POP/ROCK: Justice, "Audio, Video, Disco" (Elektra)

Xavier de Rosnay, half of the Parisian electronic duo Justice, has been telling the press that its second album, "Audio, Video, Disco," is "bedroom music." This might be accurate, if your bedroom has lighting rigs and holds 50,000 dancing people.

Justice, which made its name crusading around the world's dance festivals, lighting a blazing cross onstage while pummeling the crowd of neon fanny-packers with operatic electro-house, returns with a record that sounds like the lush prog fantasia of Yes but manicured by club-hopping control freaks. For every guitar that ventures down a sonic maze in baroquely constructed songs such as "Canon," there are the brutally executed rhythmic stops of the lean showpiece "Civilization." As soon as the music really wanders, the demand for the beat collars it back.

That push-pull creates a tension that makes "Audio, Video, Disco" feel like an exciting exercise on the way to something more developed but not a cohesive or particularly welcoming album. Part of the problem is that the production is so dry that even astronaut food probably has more moisture. Whether it's a club banger or a rock 'n' roll symphony, every song has to sound like it's being freshly delivered to the masses and not freeze-dried. If this is Justice's version of intimate bedroom music, take us back to the warm confines of the festival field.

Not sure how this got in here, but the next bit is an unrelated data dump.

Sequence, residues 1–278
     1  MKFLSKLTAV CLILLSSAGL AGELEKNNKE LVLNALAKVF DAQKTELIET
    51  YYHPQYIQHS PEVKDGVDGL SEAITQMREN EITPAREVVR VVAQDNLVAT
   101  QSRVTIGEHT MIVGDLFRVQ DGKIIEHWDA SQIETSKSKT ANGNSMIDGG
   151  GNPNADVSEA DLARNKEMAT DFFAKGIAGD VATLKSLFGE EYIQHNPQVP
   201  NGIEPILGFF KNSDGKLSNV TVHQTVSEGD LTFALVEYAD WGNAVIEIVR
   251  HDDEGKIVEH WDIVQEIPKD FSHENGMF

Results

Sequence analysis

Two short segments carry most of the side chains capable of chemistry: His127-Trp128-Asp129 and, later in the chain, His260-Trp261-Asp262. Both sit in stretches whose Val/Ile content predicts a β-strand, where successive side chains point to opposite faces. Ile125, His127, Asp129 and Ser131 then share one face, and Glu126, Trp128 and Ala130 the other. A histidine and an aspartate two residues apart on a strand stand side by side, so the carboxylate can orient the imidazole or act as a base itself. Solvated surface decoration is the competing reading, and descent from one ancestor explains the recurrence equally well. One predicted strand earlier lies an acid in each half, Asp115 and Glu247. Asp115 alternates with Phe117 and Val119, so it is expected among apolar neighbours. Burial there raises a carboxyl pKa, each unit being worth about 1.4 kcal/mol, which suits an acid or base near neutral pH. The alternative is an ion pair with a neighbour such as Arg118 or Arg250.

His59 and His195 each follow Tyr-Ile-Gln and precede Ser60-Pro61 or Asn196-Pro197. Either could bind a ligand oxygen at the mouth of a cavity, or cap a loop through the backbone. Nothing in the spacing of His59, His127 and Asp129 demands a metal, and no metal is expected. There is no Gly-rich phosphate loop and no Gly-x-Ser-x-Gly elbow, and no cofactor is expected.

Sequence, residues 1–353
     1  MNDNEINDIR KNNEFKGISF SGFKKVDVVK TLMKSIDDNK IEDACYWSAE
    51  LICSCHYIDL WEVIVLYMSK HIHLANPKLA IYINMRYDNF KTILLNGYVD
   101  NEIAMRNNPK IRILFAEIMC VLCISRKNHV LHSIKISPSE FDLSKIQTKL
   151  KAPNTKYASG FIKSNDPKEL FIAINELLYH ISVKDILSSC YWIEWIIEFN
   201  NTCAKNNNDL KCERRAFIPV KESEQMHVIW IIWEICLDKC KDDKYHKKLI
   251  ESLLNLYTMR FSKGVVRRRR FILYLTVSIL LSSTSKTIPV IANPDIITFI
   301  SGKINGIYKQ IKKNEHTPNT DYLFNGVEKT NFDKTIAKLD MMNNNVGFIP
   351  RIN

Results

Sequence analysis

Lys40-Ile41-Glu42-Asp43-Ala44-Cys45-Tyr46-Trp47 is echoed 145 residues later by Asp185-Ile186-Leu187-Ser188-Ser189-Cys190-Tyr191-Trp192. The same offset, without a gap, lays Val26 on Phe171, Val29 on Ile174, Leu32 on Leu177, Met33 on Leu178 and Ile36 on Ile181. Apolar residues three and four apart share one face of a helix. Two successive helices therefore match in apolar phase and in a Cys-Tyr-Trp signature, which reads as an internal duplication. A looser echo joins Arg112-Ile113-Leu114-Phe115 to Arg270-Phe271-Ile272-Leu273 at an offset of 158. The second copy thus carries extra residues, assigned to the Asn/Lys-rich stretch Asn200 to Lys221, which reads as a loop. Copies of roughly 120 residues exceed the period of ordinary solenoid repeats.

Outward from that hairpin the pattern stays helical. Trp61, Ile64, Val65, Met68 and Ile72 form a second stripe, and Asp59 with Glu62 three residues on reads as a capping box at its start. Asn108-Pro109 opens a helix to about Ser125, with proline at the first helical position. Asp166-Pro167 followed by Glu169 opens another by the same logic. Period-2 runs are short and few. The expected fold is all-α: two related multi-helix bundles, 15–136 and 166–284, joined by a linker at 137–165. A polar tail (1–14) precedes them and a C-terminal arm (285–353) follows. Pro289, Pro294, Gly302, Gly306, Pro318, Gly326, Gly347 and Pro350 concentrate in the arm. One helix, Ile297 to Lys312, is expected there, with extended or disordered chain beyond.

• MARGARET WAPPLER, LOS ANGELES TIMES

COUNTRY: Toby Keith, "Clancy's Tavern" (Show Dog- Universal)

The title track of Keith's latest celebrates a favorite watering hole and its denizens. Lyrically, it's in the vein of his 2003 hit "I Love This Bar," but the descriptive details and lilting waltz pulse make it thematically and musically more a country cousin of Billy Joel's "Piano Man."

Like the corner bar, this is familiar territory for Keith and his fans, and he doesn't seem to give a whit about stepping out of his comfort zone. That makes this an eminently dependable outing that's strong on solidly crafted, confidently delivered songs but nearly devoid of surprises or revelations about his artistry.

The first single, "Made in America," revisits the brand of patriotism he inherited from his father and has long worn proudly on his red, white and blue sleeve, while "I Need to Hear a Country Song" is a self-reflexive salute to the power of music as salve for emotional wounds.

"Tryin' to Fall in Love" brims with witty couplets and homespun philosophy, a bouncy workout that the Statler Brothers might have recorded four decades ago. "Chill-axin'" yearns for the chance to recharge emotional batteries. Things turn wonderfully loopy in "Red Solo Cup," a love letter to the plastic beverage container.

The highlight of the four bonus live tracks on the deluxe edition is his enthusiastic take on "High Time (You Quit Your Lowdown Ways)," a song Waylon Jennings recorded in the mid-'70s with one of the great opening lines in all of country: "I'm sick and tired of wakin' up sick and tired."

  • RANDY LEWIS, LOS ANGELES TIMES